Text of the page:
David Kranes is the gifted author of plays, eight novels along with short story volumes including “Performance Art Stories.” Some of the stories in this book appeared in earlier publications. The title suggests that we all perform for others whether we admit it or not. His characters are more than quirky. They are bizarre which is why I did not finish this novel. I read five of the shorts then skimmed the rest. I was blown away by the first short, “The Daredevil’s Son,” and then had a hard time following the rest of the ones that I finished. In “Daredevil” from birth, his son is pegged as a chip off the old block, a dead ringer of his pop.  Alas, for the father, the boy was more comfortable in his mother’s closet than his dad’s. It is such a good story that shows us that the boy was mentally healthy, and the father was well, nuts.  I did find that the author’s writing to be impeccable. Still, most of the shorts here were surreal, and just too ‘out there’ for me. I get that the tale, “The Stand-Up Phobic” is a dark humor story about a comic who makes tasteless run-on jokes with the audience. I was never sure if the man was hallucinating or not. It reads like an imaginary free-form-art bomb leaving me to recover from the blast.  I should mention that Karnes is the winner of many literary awards.  Maybe it is just me.

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“O Beautiful” by Jung Yun

Genre: Literary FictionO Beautiful
Publisher: St. Martin’s Press
Pub. Date: November 9, 2021

Mini-Review

Jung Yun authored the critically acclaimed debut novel, “Shelter.” I was expecting to devour her second novel, which follows a biracial Korean-American female freelance journalist as she goes on assignment in her hometown. Yun’s prose is beautiful.  However, this character-driven novel is all over the place taking on many subplots.  I thought I would be reading a tale on the immigrant experience in a divided America. Yet, the emphasis is mainly on the Me Too Movement. The journalist was a model in her youth always admired for her beauty and not her brains. So, what the reader actually follows is a woman who realizes that she was once a gender stereotype for her looks and that there is much more to her than that. Keeping with the leading title, yes, our protagonist does feel like an outsider not belonging or being accepted in either the Asian or American world. Still, for this reviewer, the tale turned felt flat. I do think a good editor could have made a big difference.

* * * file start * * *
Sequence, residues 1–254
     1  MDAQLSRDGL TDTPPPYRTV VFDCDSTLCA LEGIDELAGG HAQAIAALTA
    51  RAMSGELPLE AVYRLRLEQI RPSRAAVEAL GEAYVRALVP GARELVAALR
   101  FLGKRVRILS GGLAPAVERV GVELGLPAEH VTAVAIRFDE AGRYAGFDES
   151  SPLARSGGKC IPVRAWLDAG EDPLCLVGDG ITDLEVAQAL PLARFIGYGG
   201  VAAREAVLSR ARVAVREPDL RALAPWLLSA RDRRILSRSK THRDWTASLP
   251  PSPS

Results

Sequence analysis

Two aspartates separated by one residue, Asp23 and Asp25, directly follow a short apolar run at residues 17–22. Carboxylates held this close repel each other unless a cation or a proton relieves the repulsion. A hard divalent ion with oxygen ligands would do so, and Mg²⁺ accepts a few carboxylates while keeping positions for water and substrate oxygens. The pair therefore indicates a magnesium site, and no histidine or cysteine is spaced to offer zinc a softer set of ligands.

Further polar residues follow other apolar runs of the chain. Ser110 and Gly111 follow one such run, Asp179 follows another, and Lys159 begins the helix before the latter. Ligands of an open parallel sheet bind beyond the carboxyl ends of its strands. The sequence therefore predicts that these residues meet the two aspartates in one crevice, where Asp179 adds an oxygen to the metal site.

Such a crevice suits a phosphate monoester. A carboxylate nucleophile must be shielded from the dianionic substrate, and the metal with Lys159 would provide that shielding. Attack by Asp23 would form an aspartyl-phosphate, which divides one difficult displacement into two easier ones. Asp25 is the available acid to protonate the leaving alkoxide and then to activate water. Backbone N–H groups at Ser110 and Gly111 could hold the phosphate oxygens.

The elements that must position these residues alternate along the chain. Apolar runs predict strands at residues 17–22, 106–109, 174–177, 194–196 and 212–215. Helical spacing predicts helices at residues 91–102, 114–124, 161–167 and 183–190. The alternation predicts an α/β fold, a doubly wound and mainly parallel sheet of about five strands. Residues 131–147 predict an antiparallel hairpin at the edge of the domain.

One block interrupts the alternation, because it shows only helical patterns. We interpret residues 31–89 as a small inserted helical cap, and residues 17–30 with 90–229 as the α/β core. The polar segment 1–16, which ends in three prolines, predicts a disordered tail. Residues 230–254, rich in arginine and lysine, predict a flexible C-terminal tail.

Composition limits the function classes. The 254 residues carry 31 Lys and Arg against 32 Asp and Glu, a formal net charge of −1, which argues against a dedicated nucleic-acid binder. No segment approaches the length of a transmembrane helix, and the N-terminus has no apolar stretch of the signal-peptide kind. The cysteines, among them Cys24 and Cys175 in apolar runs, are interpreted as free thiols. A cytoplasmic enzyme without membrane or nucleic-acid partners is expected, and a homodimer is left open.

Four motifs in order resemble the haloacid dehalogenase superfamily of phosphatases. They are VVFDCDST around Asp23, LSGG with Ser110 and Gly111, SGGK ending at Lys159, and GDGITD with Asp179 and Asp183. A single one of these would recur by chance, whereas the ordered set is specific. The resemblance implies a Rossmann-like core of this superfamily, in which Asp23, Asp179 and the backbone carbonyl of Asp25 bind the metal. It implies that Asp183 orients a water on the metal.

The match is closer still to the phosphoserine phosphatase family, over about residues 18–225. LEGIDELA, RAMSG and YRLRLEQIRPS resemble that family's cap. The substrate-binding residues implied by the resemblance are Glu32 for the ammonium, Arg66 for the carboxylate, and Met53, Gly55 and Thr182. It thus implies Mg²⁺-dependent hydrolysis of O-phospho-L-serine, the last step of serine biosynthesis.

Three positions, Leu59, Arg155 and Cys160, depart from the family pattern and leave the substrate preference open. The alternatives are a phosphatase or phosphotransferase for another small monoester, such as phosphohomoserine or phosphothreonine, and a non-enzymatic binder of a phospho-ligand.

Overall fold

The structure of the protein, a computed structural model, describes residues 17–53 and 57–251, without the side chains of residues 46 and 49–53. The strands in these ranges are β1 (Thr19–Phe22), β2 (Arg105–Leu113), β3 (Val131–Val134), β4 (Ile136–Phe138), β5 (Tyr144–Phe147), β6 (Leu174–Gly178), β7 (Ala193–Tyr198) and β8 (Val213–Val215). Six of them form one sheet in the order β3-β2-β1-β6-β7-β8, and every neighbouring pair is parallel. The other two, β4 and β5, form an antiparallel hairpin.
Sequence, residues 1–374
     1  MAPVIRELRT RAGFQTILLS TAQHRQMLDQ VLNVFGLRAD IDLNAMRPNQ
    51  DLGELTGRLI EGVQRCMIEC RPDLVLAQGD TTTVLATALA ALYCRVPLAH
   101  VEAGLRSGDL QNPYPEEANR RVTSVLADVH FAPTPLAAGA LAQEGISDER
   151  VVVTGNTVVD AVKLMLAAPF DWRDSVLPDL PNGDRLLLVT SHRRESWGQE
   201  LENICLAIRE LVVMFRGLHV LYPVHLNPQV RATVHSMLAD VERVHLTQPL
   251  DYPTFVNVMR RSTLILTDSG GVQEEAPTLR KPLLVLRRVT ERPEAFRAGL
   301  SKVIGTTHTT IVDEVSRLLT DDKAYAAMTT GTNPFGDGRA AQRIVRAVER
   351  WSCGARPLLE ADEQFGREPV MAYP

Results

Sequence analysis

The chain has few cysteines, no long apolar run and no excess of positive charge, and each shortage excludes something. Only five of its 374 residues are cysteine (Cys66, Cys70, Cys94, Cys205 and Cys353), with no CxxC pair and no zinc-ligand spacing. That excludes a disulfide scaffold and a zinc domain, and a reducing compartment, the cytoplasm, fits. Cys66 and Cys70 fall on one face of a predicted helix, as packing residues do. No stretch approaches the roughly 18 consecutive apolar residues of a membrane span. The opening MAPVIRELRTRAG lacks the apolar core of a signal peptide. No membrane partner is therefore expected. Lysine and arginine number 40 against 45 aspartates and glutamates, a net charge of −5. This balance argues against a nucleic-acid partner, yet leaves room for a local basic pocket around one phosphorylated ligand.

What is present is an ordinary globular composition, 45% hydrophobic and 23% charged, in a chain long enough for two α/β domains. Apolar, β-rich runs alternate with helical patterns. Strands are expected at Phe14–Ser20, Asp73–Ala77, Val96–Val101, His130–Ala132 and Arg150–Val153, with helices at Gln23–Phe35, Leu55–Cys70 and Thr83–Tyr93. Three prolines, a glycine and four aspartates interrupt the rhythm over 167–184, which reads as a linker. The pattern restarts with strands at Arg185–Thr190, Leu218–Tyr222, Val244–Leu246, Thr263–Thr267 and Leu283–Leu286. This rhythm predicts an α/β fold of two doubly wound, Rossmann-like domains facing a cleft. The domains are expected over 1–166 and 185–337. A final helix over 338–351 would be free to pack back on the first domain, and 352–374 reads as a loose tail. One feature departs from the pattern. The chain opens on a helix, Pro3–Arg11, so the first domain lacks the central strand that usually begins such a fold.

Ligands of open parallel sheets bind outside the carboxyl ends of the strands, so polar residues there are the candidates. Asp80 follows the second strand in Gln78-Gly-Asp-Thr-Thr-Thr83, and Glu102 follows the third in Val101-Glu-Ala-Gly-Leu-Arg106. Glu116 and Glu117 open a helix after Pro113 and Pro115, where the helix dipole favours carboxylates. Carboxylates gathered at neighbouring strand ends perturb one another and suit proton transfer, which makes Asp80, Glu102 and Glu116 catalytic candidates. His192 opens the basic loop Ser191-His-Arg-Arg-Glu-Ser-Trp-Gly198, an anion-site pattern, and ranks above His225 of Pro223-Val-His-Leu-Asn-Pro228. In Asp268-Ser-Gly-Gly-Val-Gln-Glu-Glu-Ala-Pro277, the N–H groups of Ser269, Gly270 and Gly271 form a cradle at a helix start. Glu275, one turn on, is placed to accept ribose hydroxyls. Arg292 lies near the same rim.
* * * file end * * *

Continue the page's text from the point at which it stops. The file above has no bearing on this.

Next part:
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“The Stowaway” by James S. Murray

Genre: Mystery & ThrillersThe Stowaway
Publisher: St. Martin’s Press
Pub. Date: September 21, 2021

Professor Maria Fontana was the one juror who changed the verdict that set an alleged serial killer free. Maria is written as a likable and endearing character that you will root for. The author does a good job of showing the believable harassment that the jurors experienced after the trial. At first, they receive anonymous notes. Then photographs of those that were murdered are left at their doors. Finally, verbal attacks turn into physical attacks. Maria begins to show symptoms of post-traumatic stress disorder due to these attacks. She and her family go on a cruise to help her cope and begin to heal. Here is where the author lost me because the story morphs into a rather predictable thriller on the cruise. An unusual ending twist saves the novel from a poor review.

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“The Sisters Sweet” by Elizabeth Weiss

The Sisters Sweet

Genre: Historical Fiction
Publisher: Random House
Pub. Date: November 30, 2021

A young woman in a vaudeville sister act must learn to forge her own path after her more talented twin gets married and runs away to Hollywood. I enjoyed this novel because the story resembles the play and movie “Gypsy,” which centers on the life and times of the real-life burlesque dancer Gypsy Rose Lee and her aggressive stage mother. Determined to make her gifted daughter June a headliner the mother drags her other daughter Louise, who is shy, awkward, and decidedly less talented, into their successful vaudeville act. June runs away to get married and the mother pushes Louise to be a star demanding of her what she just didn’t have to give, which is how she becomes the famous stripper.